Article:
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Keith Tanner
Keith Tanner GRM+ Memberand MegaDork
3/18/20 4:53 p.m.

Note: This started off as a request for advice, but after about 6 weeks turned into a build thread. If you want to see lots of pictures of a car guy sticking wood together and playing with a tractor, scroll down and ignore the next few posts of conversation as I get things very wrong.

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Since I'm not going to be going on any road trips anytime soon, my plan to build a deck off the back of the house has popped the priority list. Ideally, I'll grab all the supplies I need in the next couple of days so I can work through.

The goal is to replace a small piece of grass that is effectively a putting green. It hasn't been watered in a decade so is very dead and is non-native. I have no desire to care for some monoculture just so I can have to mow it :) It has already been removed and the irrigation system destroyed, so we are committed.

I've done this before, but I know we have some experts and I'm interested in hearing best practices.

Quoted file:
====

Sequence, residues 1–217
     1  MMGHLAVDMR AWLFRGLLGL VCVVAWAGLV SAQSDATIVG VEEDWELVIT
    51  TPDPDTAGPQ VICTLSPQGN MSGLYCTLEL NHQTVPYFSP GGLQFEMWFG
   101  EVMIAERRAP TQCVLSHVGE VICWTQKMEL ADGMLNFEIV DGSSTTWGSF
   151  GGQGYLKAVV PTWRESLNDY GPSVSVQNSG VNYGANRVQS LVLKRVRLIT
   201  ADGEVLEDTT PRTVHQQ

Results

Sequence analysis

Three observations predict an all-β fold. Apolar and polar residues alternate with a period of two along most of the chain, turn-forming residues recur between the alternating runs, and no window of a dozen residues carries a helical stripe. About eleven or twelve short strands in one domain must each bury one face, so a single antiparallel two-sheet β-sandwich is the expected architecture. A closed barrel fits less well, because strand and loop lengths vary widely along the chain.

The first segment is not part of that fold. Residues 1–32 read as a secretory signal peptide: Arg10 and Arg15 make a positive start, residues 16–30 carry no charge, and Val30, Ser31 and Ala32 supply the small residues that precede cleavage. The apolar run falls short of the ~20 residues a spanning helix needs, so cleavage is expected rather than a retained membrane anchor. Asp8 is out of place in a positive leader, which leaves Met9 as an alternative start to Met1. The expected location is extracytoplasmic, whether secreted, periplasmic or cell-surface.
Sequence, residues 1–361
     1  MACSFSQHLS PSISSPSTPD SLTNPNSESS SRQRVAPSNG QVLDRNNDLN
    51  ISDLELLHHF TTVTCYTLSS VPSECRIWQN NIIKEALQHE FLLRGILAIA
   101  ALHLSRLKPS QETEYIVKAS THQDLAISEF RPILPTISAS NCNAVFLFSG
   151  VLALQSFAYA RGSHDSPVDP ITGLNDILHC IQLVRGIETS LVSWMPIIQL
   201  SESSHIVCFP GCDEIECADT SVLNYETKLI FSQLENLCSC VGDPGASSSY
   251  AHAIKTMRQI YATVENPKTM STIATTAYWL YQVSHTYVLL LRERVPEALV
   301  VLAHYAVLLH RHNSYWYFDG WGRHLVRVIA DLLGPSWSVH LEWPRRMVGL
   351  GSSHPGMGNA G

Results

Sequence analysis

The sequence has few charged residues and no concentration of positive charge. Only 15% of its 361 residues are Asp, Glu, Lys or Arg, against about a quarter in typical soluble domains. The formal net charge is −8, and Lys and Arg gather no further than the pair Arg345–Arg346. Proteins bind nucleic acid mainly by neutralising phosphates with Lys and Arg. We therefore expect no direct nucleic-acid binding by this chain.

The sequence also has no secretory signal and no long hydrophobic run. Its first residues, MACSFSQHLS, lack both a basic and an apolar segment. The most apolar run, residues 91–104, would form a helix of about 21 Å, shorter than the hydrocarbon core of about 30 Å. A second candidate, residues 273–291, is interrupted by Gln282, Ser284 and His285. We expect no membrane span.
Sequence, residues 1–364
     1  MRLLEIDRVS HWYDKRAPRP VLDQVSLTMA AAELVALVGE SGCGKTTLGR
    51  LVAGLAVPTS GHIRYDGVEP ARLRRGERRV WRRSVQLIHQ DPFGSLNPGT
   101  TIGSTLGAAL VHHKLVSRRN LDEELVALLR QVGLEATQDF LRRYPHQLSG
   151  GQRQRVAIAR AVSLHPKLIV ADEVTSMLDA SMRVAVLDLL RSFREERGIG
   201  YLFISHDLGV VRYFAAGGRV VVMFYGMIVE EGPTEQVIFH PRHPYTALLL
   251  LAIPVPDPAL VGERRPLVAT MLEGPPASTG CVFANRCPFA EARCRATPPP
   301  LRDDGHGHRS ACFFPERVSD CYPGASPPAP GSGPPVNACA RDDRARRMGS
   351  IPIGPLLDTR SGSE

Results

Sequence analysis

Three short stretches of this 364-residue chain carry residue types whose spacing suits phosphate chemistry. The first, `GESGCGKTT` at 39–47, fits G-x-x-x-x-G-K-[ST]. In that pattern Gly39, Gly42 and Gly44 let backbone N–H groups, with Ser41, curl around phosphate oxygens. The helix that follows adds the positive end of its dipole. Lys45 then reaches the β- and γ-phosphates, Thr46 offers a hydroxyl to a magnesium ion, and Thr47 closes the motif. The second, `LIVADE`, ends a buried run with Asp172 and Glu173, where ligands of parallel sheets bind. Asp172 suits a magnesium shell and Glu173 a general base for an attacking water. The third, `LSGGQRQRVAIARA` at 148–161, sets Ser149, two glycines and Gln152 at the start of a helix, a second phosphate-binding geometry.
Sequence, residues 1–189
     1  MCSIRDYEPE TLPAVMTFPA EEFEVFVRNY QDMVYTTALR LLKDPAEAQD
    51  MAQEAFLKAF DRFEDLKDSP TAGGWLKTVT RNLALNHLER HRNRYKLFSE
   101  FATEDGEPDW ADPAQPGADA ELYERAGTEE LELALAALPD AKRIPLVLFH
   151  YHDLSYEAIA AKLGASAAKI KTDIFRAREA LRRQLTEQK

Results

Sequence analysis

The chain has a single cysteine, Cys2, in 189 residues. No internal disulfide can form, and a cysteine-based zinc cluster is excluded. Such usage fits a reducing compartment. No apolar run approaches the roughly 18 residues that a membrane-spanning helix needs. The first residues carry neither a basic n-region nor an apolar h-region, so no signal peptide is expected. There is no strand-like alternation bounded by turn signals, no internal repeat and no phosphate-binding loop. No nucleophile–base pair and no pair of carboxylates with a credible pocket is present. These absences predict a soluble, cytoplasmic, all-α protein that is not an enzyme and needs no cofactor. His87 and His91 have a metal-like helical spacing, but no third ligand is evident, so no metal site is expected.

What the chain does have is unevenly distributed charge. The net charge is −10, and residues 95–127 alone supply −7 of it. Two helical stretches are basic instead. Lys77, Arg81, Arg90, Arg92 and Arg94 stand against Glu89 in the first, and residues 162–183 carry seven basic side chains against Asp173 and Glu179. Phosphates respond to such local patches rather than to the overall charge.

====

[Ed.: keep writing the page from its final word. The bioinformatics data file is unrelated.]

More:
The deck itself is right around 750 square feet and is on two levels. No stairs, just a step from one level to the next. It's going to be as close to the ground as I can make it. Framing is planned to be doubled 2x6s on footings that are 8' apart, and joists are 2x6 on 24" centers with an 8' span.  

The deck will be separated from the house by a foot to make room for various vents/inlets/irrigation fittings so it's effectively free standing. 

Sourcing lumber around here is difficult, you're either industrial or you're dealing with Home Depot. I'll probably have to suck it up and do the latter. Finding a massive tree and having it sawn up isn't really in the cards, especially as I'll be dealing with ground contact.

The actual decking will likely be composite. I used it last time and while it can get slick with a frost, that's not a common problem around here. The goal is low maintenance.

Future plans include plumbing the BBQ in to run on natural gas as well as a gas fire pit. The gas outlet on the side of the house is in place already. I'm also going to add a pergola for shade, I think that may be a later addition but I'll plan for it now in terms of structure. I shall have questions about that later!

Any generalized advice from hardened veterans of the trade?

SVreX
SVreX MegaDork
3/18/20 5:38 p.m.

2x6 girders spanning 8' between piers are too small. You need 2x8 (or even 2x10)

24" oc is too widely spaced for standard 5/4" deck boards. Go to 16"

If it's gonna be free-standing, you are gonna have to put some effort into lateral stability- lots of bracing, or support posts deeply set in concrete.